The films Pickford brought to life as a producer later in her career were often nothing like those she starred in as an actress: For example, "in 1945, during the independent production boom at the end of World War II, she organized Comet Pictures to make medium-budget films with Ralph Cohn, the son of Columbia Pictures cofounder Jack Cohn. At Comet she produced probably her finest later film, the noir hit Sleep, My Love (1948)" as well as the broad, comedic-style films My Little Chickadee (1940) with W.C. Films; Love Happy (1950), with the Marx Brothers comedy and (briefly) Marilyn Monroe and the war movie the Story of G.I. Joe (1945) (Aberdeen 2005).
Pickford defended the role of independent producers in 1934, in a speech that noted that for film to continue to remain relevant in the 20th centuries, it must be innovative and challenging, particularly given that radio and (then in its infancy) television were competing for viewer attention: "Perhaps the greatest thing about motion pictures is that no one can ever have a monopoly on ideas. Masterpieces cannot be made to order. Artistic supremacy hovers for a season over one studio, then producers bang away with their inspirational guns and chase it to another, where it perches precariously, a harried quarry soon to wing its way elsewhere, ceaselessly pursued by these diligent huntsmen" (Pickford 1934). The key to cinematic variety, Pickford believed, was independent production methods. If a studio became dominant enough as to stifle creative control, film would become dull and uninteresting to spectators. The greatest money-making approach to filming was not formulas, but innovation. Film producers and studios had to think in the long-term rather than in the short-term.
Pickford also defended the right of other independent producers to make films. When Samuel Goldwyn, Jr.'s film Up in Arms was nearly 'shut out' of theaters, due to the studio's monopolization of venues across the nation, Pickford made an influential speech: "Mr. Goldwyn spent a whole year of intensive work and two and a half million dollars of his own; that is a lot of time and very great deal of money but to what avail? Only to be told upon the completion of a year's work and expenditure of two and one-half million dollars that he shall not be permitted to show his picture but dictated by a theater monopoly" (Pickford 1944). Although he was never an actor, Samuel Goldwyn Jr. shared Pickford's independent spirit and her willingness to support what was then considered 'edgier' films: Up in Arms displayed the hyperkinetic talents of comedian Danny Kaye. Goldwyn also released, under United Artists, such films as Wuthering Heights (1939), and the Little Foxes (1941), all Oscar-nominated films, although he gradually transitioned to RKO. Still, Goldwyn's development as a producer, after he broke away from his father's studio, was one of UA's most notable successes.
UA also released some of Disney's early films during the 1930s, but like Goldwyn, Disney too moved away from UA to form its own studios. Disney wished to have more creative control over his product. In contrast, United Artists was eclectic in its choice of productions to release. Unlike what became Disney studios, there was no particular UA style in terms of its performances, which may have been one of the weaknesses of the company and its failure to fully challenge the major studios on their own terms.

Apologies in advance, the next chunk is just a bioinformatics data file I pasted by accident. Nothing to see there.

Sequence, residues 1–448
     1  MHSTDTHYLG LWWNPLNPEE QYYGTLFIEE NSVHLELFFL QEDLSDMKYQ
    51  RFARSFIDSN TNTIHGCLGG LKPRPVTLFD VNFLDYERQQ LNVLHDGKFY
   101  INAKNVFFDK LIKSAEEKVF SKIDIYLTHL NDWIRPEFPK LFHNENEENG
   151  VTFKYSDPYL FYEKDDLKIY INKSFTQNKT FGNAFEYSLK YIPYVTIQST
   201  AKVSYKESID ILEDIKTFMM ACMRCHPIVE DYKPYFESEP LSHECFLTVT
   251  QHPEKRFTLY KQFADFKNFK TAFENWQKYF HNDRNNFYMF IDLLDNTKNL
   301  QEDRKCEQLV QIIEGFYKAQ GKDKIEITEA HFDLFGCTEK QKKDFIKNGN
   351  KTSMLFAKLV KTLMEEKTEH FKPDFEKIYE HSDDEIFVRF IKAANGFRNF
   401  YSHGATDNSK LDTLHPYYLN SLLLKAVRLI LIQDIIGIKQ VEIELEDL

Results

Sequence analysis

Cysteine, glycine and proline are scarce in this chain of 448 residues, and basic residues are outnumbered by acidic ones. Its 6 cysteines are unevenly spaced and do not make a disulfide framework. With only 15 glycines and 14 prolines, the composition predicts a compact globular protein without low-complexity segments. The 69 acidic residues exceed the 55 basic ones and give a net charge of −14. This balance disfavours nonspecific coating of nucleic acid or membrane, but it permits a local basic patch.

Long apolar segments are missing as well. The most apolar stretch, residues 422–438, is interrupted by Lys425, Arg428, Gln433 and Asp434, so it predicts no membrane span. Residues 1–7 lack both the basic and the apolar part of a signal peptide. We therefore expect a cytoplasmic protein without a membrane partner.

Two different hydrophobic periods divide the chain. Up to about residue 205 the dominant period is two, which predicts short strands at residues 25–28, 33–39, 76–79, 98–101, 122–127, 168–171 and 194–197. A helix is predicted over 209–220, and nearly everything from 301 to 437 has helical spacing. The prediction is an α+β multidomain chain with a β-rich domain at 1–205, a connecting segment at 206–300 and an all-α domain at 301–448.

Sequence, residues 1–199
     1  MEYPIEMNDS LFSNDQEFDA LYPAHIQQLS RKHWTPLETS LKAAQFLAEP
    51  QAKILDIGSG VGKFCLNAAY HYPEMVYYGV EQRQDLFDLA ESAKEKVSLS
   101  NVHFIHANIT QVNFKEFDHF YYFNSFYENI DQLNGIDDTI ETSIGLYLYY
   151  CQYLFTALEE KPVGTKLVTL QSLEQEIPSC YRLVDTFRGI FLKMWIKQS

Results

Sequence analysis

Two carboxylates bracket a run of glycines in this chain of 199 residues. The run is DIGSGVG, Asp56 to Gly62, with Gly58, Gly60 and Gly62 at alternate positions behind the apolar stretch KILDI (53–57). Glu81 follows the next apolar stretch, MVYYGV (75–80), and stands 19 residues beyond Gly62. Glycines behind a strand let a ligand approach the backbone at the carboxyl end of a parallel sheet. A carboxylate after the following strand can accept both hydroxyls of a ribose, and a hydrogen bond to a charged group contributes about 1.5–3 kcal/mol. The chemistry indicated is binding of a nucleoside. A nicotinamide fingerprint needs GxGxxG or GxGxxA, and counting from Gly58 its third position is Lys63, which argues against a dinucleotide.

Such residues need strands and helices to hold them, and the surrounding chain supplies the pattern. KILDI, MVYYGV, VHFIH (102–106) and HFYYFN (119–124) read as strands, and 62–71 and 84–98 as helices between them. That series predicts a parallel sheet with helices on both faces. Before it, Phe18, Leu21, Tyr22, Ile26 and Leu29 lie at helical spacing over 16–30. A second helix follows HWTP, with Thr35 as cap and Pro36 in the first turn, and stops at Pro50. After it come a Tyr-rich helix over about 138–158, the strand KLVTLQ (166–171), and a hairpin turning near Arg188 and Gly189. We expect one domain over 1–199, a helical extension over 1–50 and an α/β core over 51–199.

Another problem may have been that United Artists had been founded to satisfy the creative visions and goals of very different artists: Griffin focused upon his rather sentimental vision of cinema, combined with a desire to create sprawling epics; Chaplin was a true comedic auteur, while Fairbanks and Pickford wanted to improve their own careers and take more challenging roles (a desire which often conflicted with their need to make money to support UA). Eventually, in 1951, two lawyers bought United Artists and turned it into a successful filmmaking company. Pickford sold her shares in United Artists for $3 million, $19.7 million in today's dollars ("Timeline," 2003, PBS). However, even after her initial desire to run UA proved unfruitful, Pickford continued to support the work of others.
Compared to other producers working at that time, Pickford's style was far more eclectic. Unlike the Jack, Harry, Albert, and Sam Warner Studio's highly efficient system and signature style of 'machine gun' crime epics, United Artists and Mary Pickford had no specific trademark that would 'give away' the fact that a film had been created under her watch. Rather, the films Pickford was influential in producing are better known by the trademark style of the actors and directors that gave birth to them. United Artists was always more of a means of releasing new creative visions to the public, rather than crafting a signature Pickford approach. As Pickford herself said, her belief was that diversity was the core of cinema's survival. She was fundamentally an actress, not a director like Griffith and Chaplin, and just like an actress, she wished to try out many different creative partners.
Pickford was also not like Disney or even Universal Pictures, other small independent studios that relied upon niche styles, like Disney's cartoons, and Universal's W.C. Fields, Abbott and Costello, Flash Gordon and Woody Woodpecker series (Dirks 2010, p.1). Although some of the films she starred in where highly formulaic, Pickford was never reliant upon cinematic conventions in her approach as a producer, a pioneering woman in the film industry, and a creative and supportive visionary.
Aberdeen, J.A. "Mary Pickford: The SIMPP Years." Hollywood Renegades. Reprinted by Cobblestone, 2005 on the web in excerpted form. May 4, 2010.